What message is your wound sending? Maybe it’s “You can’t trust anyone. Never let anyone in” or “You don’t have what it takes” or “You’re unlovable.” If you can identify the wound and its message, you’re moving closer to the third step, which is responding in faith and trust.

Q: What message did that wound give to you?


The Good News is that Jesus restores the wounded. Jesus gave His life to restore you from your greatest wound, sin. Your sin inflicted a wound so deep that only the Son of God has the power to do something about it. If Jesus has the power to restore you from your greatest wound, He can heal all the other wounds you carry.

One day Jesus will fully restore you and take away the pain and heartache of all the wounds you’ve ever carried. Until that time, Jesus asks you to respond to your wounds with faith and trust. Believe He has the power and desire to restore you. Trust that, however long the process takes, He will be with you and guide you through it with His comfort, grace, and love.

As you go through the process of restoration, remember to be:

  • In Prayer. Go to the Father, the “God of all comfort” (2 Corinthians 1:3–5). Ask the Holy Spirit to reveal what you cannot see. Ask for wisdom throughout the process.
  • In God’s Word. We search the Scriptures to find something more than answers. We search them to find a Person—God. Immerse yourself in God’s Story.
  • In Worship. Avoid fixating on the wound. Fix your gaze on Jesus and praise Him for who He is and what He does. Let Him turn your pain to praise.
  • In Community. Don’t hide the wound from others. Invite others to walk alongside you in the process.

Q: Describe what it looks like to respond to your wounds with faith and trust.

Q: Why is it not helpful to fixate on the wound?


Select 1 question from this section to ask your group.


As you move forward toward restoration, refrain from retaliation against those who have wounded you. Jesus told Peter to put down the sword, and we should put ours down as well. One of the biggest steps you can take toward restoration is to give the o ender to God. Learn to forgive them and love them. This is radical. It bucks against our natural inclinations. That doesn’t mean you disregard or downplay the offense. What it does mean is that you become like Jesus to those who have wronged you. Even in His darkest hour, Jesus was able to say:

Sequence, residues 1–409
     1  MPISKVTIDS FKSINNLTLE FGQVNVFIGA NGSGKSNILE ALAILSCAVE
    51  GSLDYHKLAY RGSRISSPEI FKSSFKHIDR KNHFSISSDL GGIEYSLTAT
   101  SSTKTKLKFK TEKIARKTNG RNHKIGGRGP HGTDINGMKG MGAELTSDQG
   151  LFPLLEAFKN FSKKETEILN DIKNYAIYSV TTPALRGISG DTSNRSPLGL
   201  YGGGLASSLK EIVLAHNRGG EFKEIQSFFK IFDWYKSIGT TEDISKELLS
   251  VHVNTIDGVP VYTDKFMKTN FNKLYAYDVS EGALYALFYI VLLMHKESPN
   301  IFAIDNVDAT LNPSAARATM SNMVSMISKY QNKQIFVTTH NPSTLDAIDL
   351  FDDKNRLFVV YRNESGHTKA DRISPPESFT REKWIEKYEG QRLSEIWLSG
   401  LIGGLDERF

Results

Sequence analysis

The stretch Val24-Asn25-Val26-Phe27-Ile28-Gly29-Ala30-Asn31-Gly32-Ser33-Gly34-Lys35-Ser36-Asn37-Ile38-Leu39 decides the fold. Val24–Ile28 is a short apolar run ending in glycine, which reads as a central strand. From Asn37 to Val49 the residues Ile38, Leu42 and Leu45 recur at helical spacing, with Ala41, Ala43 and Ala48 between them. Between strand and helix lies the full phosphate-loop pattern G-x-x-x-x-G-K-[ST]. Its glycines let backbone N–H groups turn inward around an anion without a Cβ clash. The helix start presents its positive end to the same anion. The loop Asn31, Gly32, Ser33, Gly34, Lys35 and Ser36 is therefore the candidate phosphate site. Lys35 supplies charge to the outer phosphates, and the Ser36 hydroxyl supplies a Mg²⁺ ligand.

“Father, forgive them, for they know not what they do” (Luke 23:34).

Q: Does forgiveness always lead to reconciliation? Why or why not?

Q: Is there anything keeping you from giving your wounds to God today? If so, what is it?


Go before the Father honestly about any wound (or wounds) you have received from others. Give them to Him. Praise Him that He has the power and desire to restore you. Ask for wisdom and comfort as you allow Him to restore you.


Midway through this week, send a follow-up email to your group with some or all of the following:

  • Read Romans 12:17–21 and consider how you could apply Paul’s instructions in the way you respond to those who have wounded you.
  • Ask the group to share any stories or lessons learned where they see God at work in their lives.


Characters in the Story

“Unlike earlier references to the ‘chief priests’ (vv. 2, 4; 19:47), Luke here introduces the high priest, who plays an important part in Jesus’s trial (v. 54). John 18:10, 13, 24–25 provide the name of the high priest (Caiaphas; see Luke 3:2; Acts 4:6), his servant (Malchus), and the disciple who struck the servant (Simon Peter).”2

The Real Enemy

Jesus was opposed by the Jewish leaders, but His main opponent was Satan. That’s why Jesus referred to the “power of darkness” (v. 53) when He rebuked the leaders. This reminds us that, while people may oppose us and wound us in life, our fight is ultimately not against flesh and blood. It’s against the spiritual powers of darkness that wage war against our souls to keep us from God (see Eph. 6:10–18).

When You’re the Offender

If you have wounded others, God calls you to repent and seek forgiveness from those you have hurt. A genuinely repentant person:

  1. Accepts full responsibility for their actions.
  2. Welcomes accountability from others.
  3. Doesn’t continue in the hurtful behavior that caused the wound.
  4. Doesn’t get defensive about being in the wrong.
  5. Doesn’t minimize hurtful behavior.
  6. Doesn’t get resentful if others doubt their sincerity.
  7. Makes restitution where it is necessary.3

Download PDF

1. John Eldredge, Wild at Heart Revised and Updated: Discovering the Secret of a Man’s Soul, Rev ed. (Nashville: Thomas Nelson, 2011), 74.
2. D. A. Carson, “The Gospels and Acts,” in NIV Zondervan Study Bible: Built on the Truth of Scripture and Centered on the Gospel Message, ed. D. A. Carson (Grand Rapids, MI: Zondervan, 2015), 2130–2131.Crossway Bibles, The ESV Study Bible (Wheaton, IL: Crossway Bibles, 2008), 655.
3. Steve Cornell, “How to Move from Forgiveness to Reconciliation,” The Gospel Coalition, March 29, 2012, how-to-move-from-forgiveness-to-reconciliation/.